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Physical practice is superior to mental practice in enhancing cognitive and motor task performance

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CONTRIBUTORS:
  Author Hird, J. S. (b. 1982, d. ----)
  Author Landers, D. M. (Arizona State University)
  Author Thomas, J. R. (Iowa State University)
  Author Horan, J. J.
JOURNAL:
  Journal of Sport & Exercise Psychology (JSEP), 13(3), 281 - 293.
YEAR: 1991
PUB TYPE: Journal Article
SUBJECT(S): motor-skill; achievement; exercise; training; mental-training; comparative-study; cognition; efficiency
DISCIPLINE: No discipline assigned
HTTP: https://secure.sportquest.com/su.cfm?articleno=396292&title=396292
LANGUAGE: English
PUB ID: 103-340-318 (Last edited on 2003/10/13 16:38:31 GMT-6)
SPONSOR(S):
 
ABSTRACT:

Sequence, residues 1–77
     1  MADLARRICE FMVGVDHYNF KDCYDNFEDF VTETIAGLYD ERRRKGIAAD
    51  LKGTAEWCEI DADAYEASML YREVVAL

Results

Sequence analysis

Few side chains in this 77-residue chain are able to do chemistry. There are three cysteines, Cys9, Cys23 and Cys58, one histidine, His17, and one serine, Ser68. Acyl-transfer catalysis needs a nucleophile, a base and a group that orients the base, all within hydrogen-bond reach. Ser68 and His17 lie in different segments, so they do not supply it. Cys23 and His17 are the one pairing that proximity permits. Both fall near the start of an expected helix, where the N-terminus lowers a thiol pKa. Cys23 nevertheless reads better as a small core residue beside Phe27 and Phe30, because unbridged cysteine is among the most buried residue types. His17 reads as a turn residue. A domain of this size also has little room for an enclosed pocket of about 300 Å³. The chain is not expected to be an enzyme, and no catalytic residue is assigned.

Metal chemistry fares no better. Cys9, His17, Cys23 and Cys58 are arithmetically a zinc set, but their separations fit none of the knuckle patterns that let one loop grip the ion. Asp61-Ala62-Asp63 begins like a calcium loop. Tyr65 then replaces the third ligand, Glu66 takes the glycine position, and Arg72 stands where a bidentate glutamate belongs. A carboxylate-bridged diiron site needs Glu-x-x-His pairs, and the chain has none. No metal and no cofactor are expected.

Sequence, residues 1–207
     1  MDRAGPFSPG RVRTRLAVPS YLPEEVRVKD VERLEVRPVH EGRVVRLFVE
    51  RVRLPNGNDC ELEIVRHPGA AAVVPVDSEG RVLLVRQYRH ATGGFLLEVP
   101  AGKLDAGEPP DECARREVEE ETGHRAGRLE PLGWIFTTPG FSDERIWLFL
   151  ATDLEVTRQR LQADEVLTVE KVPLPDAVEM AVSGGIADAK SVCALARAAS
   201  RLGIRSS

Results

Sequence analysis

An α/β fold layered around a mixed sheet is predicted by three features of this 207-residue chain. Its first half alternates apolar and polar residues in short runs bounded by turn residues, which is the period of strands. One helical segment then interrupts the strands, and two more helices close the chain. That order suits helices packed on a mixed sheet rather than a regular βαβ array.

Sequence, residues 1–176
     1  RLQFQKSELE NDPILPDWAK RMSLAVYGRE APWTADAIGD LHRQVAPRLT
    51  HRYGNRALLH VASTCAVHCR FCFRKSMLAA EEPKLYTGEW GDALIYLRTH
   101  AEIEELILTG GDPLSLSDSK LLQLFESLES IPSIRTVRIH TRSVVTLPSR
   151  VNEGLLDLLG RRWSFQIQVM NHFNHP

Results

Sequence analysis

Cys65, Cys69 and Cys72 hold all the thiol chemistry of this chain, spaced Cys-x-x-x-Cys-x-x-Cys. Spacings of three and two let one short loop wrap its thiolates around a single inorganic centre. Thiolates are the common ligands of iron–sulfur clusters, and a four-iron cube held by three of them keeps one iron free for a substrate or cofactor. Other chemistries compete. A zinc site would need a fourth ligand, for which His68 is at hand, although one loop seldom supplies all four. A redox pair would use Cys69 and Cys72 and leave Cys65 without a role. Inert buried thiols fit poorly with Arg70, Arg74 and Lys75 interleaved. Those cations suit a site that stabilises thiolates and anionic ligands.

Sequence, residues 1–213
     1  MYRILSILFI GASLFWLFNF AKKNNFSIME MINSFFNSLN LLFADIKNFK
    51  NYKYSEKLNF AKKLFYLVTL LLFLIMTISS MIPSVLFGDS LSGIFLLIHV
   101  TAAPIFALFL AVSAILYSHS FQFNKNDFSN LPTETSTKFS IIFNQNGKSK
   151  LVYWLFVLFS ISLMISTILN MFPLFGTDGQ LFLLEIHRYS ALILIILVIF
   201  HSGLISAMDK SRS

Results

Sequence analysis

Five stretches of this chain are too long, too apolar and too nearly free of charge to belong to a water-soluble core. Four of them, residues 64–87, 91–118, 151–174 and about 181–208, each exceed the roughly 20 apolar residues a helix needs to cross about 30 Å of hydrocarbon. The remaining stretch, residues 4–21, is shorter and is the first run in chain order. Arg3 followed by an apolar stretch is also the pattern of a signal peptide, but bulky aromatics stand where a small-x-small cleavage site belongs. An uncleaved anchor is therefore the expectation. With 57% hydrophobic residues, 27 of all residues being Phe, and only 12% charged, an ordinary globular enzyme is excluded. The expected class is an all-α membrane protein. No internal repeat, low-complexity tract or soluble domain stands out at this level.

This study compared varying ratios of physical to mental practice on cognitive (pegboard) and motor (pursuit rotor) task performance. Subjects (36 males and 36 females) were randomly assigned to one of six conditions experiencing different amounts of combined mental and physical practice. Seven practice sessions (four trials per session for the pegboard and eight trials per session for the pursuit rotor) were employed. ANOVA results showed that all treatment conditions, except the pegboard control group, showed significant differential pre- to posttest improvement. Furthermore, effect sizes and significant linear trends of posttest scores from both tasks showed that as the relative proportion of physical practice increased, performance was enhanced. In support of previous meta-analytic research, for all treatment groups, the effect sizes for the cognitive task were larger than for the motor task. These findings are consistent with the symbolic-learning theory explanation for mental-practice effects. In addition, the results indicate that replacing physical practice with any mental practice would be counterproductive.
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